Burp sprouts an appendage for Nazi hunting. Artist: Jack Cole.

BURP THE TWERP, THE SUPER SON-OF-A-GUN

Medium: Comic books
Published by: Quality Comics
First Appeared: 1941
Creator: "Ralph Johns" (Jack Cole)
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Comic book anthologies of the early 1940s were thick — usually 68 pages, twice the size of today's comics, at least until wartime paper shortages and subsequent rising costs necessitated slimming down. There was plenty of room for variety. Besides the main feature, usually a superhero, they could have non-super adventurers like Lance O'Casey, comic strip reprints like Dixie Dugan, detectives like Slam Bradley, and even funny guys like Genius Jones or Hayfoot Henry. Quality Comics (Miss America, Blackhawk) …

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… had an advantage over the other publishers. They could call on design and humor genius Jack Cole (The Claw, Midnight) to fill that category. He did two such series there intended for no purpose other than to get laughs: the Asian "deflective detective" Wun Cloo, and this one — Burp the Twerp, the Super Son-of-a-Gun.

Burp and Wun were both one-page guys. Cole did them under the name "Ralph Johns". Comics bibliographers often overlook the fillers, which is why Henry Boltinoff's work is so poorly documented. For a long time, Burp's adventures were no better documented than those of Captain Tootsie. Recently, however, it's been established that Burp's first appearance was in Police Comics #2 (September, 1941), where the cover feature was Firebrand. This wasn't quite early enough to edge out The Red Tornado as first of the superhero parodies, but the idea wasn't yet "old hat" when he came along.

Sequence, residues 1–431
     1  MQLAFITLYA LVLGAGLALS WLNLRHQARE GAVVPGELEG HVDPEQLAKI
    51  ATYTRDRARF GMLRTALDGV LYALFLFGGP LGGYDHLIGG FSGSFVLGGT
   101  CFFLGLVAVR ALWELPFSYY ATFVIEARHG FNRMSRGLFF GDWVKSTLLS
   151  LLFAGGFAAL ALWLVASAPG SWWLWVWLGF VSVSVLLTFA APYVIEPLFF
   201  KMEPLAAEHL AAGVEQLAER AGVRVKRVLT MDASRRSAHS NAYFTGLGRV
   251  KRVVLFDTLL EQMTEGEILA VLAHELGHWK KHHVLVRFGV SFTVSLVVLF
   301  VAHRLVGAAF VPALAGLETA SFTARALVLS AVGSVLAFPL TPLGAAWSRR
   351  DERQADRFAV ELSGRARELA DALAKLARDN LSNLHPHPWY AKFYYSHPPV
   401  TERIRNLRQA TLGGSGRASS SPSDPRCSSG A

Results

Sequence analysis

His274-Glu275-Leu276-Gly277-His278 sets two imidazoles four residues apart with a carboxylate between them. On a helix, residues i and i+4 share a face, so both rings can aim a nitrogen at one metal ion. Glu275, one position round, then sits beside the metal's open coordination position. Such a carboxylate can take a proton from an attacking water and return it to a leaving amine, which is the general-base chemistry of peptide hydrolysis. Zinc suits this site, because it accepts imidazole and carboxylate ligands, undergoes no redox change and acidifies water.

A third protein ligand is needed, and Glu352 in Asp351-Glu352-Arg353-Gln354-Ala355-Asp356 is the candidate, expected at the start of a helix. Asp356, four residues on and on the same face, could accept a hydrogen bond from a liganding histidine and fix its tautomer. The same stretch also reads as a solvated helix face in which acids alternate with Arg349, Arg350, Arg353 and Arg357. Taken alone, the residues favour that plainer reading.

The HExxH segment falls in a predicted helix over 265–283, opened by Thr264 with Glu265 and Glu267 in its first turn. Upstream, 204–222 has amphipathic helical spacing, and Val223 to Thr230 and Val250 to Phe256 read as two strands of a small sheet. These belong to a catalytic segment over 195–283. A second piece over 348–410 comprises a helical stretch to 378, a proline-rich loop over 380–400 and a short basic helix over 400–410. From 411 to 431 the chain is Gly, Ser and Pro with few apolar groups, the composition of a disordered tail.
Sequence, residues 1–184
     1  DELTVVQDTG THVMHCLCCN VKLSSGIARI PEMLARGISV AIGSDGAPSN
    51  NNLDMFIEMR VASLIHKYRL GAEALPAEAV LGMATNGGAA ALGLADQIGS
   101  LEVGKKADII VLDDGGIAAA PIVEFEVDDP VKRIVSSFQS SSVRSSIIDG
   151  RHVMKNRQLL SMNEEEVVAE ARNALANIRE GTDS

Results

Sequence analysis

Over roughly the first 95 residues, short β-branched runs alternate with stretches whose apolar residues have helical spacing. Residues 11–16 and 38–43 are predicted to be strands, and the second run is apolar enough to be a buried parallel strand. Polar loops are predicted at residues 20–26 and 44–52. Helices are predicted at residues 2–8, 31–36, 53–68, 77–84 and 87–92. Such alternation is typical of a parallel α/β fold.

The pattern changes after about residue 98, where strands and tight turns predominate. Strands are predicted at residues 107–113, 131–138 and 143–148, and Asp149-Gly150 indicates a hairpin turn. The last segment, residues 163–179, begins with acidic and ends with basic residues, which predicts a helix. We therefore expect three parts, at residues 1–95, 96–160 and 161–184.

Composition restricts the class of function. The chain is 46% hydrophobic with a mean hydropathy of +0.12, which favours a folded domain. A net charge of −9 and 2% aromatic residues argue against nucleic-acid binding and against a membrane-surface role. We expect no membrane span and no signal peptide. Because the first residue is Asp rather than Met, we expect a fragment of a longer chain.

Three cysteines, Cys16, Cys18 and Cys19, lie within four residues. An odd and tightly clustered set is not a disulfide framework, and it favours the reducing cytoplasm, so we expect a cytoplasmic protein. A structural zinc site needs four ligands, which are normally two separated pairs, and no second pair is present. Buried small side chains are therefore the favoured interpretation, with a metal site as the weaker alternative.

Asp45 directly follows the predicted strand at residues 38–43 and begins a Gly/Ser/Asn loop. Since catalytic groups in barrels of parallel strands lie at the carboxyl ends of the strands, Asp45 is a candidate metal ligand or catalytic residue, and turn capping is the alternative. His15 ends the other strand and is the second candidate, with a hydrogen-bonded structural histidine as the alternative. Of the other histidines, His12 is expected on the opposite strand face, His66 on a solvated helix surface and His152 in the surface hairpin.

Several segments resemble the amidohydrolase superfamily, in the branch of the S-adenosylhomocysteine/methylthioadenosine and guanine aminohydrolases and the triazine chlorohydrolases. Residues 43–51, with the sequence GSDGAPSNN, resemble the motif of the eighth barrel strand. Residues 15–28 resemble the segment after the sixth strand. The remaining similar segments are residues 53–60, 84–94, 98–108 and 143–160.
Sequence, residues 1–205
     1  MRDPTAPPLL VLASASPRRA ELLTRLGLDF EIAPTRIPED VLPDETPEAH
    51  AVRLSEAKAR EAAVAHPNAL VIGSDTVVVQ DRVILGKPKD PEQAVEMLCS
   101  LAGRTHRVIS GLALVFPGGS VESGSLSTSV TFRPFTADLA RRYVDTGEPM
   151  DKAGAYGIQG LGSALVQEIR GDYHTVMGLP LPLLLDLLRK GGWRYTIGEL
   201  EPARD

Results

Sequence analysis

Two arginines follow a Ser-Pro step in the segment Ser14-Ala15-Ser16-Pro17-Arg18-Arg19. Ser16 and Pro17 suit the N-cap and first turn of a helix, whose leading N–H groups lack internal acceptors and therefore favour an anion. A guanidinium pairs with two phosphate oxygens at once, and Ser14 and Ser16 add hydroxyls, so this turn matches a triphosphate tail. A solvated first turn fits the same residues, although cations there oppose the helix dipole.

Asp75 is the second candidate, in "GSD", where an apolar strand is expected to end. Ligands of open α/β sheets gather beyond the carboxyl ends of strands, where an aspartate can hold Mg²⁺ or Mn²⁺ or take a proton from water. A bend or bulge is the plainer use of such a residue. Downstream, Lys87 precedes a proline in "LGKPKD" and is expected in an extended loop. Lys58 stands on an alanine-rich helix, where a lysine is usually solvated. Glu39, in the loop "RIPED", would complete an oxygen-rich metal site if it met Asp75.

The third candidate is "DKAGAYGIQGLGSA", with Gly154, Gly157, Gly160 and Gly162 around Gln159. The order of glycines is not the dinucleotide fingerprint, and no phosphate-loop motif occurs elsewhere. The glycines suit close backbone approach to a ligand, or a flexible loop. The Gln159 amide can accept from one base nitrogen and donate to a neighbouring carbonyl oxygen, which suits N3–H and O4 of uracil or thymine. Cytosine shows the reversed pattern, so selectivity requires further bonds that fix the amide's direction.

Burp had a costume, just like all the other superheroes. His consisted of an old-fashioned two-piece men's swimsuit, plus hard-soled leather shoes. And he had super-powers, too — in fact, he had all the super powers. Whatever anyone else could do, he could do, and more besides. Everything except think clearly and behave sanely.

Burp was a regular in Police Comics until 1946, after which he'd pop up occasionally in other Quality titles for the rest of the '40s. Then he went dormant in the '50s, and stayed dormant when DC Comics acquired properties from Quality in 1956. He's been dormant ever since, with one exception.

Burp is sometimes cited as a "pal" of Plastic Man, also a superhero and funny guy created by Jack Cole, at least when any modern writer cites him at all. Actually, Burp and Plas have only met twice. The first was in Police Comics #23 (October, 1943), where Burp was interviewed by a reporter. He bragged how much tougher he was than Plastic Man, then fainted when the "real" Plas showed up.

The second was in DC's Secret Origins #30 (September, 1988), which dealt with the company's stretchable superheroes, Plas and Elongated Man. In Plas's part, written by Roy Thomas (The Invaders) and drawn by Stephen deStefano ('Mazing Man), Burp was a running gag. There, Plas did the opposite, and expressed trepidation about offending him.

That was Burp's only appearance since the Quality Comics days.

— DDM

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Text ©2008-10 Donald D. Markstein. Art © DC Comics.